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Jun 18, 2019

C.C.J.: Motion of No Confidence in Guyanese Government was Properly Passed

Adrian Saunders

We have been following closely the latest political developments in Guyana since the passage of a no-confidence vote in the National Assembly last year.  This morning, the Caribbean Court of Justice handed down a decision affirming the right of members of parliament to vote against their own government.  On December twenty-first, 2018, Guyana’s Opposition Leader Bharrat Jagdeo moved a motion of no confidence in the government.  Thirty-two of his colleagues voted in favor of that position and were subsequently joined by Charandas Persaud, a member of the government.  Guyana’s constitution states that the Cabinet, including the president, must step down if the government is defeated by the majority vote of all the elected members of the national assembly on a vote of no-confidence.  The C.C.J. ruled that the motion was validly passed with a margin of thirty-three of the sixty-five seats in the legislative body.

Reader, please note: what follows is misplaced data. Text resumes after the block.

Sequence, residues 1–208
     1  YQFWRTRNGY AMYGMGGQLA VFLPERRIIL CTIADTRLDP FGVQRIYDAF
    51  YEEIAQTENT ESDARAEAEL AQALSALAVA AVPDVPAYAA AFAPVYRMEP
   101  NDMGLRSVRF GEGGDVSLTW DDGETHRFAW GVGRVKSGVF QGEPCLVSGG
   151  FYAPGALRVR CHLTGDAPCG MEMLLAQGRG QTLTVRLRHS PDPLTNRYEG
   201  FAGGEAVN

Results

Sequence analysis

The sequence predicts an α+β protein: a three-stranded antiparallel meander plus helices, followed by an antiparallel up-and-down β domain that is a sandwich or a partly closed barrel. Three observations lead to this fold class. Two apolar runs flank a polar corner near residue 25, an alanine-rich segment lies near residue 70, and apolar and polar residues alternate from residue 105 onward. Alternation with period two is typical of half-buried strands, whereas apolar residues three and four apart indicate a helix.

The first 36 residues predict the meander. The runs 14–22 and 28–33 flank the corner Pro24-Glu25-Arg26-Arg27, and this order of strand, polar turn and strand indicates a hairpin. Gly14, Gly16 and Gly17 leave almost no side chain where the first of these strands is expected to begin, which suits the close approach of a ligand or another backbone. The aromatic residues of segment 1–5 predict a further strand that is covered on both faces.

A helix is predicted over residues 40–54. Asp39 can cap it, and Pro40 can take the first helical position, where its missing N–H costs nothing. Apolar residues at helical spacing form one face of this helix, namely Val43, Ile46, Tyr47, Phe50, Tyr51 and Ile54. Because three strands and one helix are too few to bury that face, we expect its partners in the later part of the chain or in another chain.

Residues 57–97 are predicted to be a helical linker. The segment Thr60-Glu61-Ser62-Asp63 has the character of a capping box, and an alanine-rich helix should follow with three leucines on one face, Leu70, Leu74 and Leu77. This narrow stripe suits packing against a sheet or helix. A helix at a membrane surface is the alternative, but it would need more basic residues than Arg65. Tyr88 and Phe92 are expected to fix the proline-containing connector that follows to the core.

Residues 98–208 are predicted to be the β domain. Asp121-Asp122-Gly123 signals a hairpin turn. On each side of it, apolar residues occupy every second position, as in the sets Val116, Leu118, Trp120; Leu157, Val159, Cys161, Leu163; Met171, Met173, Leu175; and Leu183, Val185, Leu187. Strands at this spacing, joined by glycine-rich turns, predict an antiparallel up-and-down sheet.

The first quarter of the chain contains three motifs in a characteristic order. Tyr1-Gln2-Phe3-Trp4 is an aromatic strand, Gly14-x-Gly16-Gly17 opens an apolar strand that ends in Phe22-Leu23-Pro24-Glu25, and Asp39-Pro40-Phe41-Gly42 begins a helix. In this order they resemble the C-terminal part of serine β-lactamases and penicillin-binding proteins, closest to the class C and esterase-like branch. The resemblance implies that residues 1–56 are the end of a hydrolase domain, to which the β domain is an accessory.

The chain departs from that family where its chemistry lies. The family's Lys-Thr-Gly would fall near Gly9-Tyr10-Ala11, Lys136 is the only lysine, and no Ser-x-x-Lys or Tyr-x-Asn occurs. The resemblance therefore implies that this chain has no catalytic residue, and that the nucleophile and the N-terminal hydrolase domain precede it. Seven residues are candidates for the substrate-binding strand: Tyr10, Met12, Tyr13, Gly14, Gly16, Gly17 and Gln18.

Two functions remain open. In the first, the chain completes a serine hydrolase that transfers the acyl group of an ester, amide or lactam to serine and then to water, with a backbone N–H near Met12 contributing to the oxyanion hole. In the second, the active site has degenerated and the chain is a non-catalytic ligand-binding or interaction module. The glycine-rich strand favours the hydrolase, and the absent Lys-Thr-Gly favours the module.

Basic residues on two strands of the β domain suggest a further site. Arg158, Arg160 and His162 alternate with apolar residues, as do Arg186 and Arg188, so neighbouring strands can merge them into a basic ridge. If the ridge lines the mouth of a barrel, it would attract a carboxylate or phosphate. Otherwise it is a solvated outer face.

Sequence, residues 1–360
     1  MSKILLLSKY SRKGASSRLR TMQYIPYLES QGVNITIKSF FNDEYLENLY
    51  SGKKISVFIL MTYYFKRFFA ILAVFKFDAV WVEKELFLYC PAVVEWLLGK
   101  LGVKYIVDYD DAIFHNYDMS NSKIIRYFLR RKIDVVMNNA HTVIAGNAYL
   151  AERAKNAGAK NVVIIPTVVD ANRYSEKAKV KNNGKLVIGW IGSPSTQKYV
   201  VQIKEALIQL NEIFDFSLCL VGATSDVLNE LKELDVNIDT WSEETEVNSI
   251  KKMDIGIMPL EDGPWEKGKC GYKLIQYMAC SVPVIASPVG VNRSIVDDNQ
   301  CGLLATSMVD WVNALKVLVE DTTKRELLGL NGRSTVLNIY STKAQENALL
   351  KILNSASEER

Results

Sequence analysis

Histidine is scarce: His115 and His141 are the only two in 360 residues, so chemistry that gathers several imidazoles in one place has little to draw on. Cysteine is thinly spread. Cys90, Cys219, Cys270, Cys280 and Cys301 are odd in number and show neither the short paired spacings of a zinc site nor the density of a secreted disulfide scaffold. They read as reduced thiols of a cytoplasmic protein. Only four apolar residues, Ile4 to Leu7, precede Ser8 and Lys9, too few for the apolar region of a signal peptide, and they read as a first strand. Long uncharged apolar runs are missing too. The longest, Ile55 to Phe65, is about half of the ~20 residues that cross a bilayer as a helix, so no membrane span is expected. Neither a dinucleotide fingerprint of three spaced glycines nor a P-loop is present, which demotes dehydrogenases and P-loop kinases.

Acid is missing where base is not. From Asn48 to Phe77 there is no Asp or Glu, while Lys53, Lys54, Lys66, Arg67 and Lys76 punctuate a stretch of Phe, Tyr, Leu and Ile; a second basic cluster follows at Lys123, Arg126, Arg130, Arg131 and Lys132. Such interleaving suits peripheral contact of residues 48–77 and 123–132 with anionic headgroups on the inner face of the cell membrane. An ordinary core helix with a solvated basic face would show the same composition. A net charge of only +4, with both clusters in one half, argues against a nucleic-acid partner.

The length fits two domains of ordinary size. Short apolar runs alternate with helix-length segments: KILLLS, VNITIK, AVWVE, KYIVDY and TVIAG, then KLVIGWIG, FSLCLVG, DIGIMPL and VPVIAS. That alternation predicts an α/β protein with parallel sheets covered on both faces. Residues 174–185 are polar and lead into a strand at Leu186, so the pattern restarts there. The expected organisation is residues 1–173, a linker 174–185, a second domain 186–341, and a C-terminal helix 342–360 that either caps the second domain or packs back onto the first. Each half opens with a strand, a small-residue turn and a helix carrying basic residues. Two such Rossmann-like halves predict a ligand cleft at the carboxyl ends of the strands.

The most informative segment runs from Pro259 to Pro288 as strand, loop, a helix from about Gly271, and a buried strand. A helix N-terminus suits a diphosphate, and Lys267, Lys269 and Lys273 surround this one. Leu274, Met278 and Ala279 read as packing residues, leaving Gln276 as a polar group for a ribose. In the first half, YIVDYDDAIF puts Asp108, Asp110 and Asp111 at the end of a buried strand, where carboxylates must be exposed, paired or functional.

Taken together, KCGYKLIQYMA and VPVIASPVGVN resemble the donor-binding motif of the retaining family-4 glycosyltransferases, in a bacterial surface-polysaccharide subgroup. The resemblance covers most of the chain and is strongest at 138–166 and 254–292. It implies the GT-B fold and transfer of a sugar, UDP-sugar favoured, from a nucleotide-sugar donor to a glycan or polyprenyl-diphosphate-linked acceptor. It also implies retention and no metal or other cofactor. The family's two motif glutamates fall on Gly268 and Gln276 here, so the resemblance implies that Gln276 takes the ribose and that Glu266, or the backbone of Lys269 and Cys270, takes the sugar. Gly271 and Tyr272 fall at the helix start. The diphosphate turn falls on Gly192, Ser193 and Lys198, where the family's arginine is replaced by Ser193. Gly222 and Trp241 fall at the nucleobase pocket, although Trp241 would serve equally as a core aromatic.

Justice Adrian Saunders, President, Caribbean Court of Justice

“This is a summary of the judgment of the court in what I may refer to as the no-confidence motion case.  Article 106-6 of the Guyana constitution states that the Cabinet, including the President, is required to resign if the government is defeated by the majority vote of all the elected members of the National Assembly on a vote of confidence.  Article 106-7 further mandates that an election be held within three months of the vote or within such longer period as determined by two-thirds of all elected members of the assembly.  On December twenty-first, 2018, the Leader of the Opposition moved the motion of no confidence in the government.  All sixty-five members of the National Assembly were present and they all voted.  Mr. Charandas Persaud, a government member, joined the thirty-two opposition members in voting for the motion, so that thirty-three members ultimately voted in favor of the motion and thirty-two voted against.  Despite this, the government did not resign and no resolution was passed to prolong its continuance in office, instead litigation ensued.”


Viewers please note: This Internet newscast is a verbatim transcript of our evening television newscast. Where speakers use Kriol, we attempt to faithfully reproduce the quotes using a standard spelling system.

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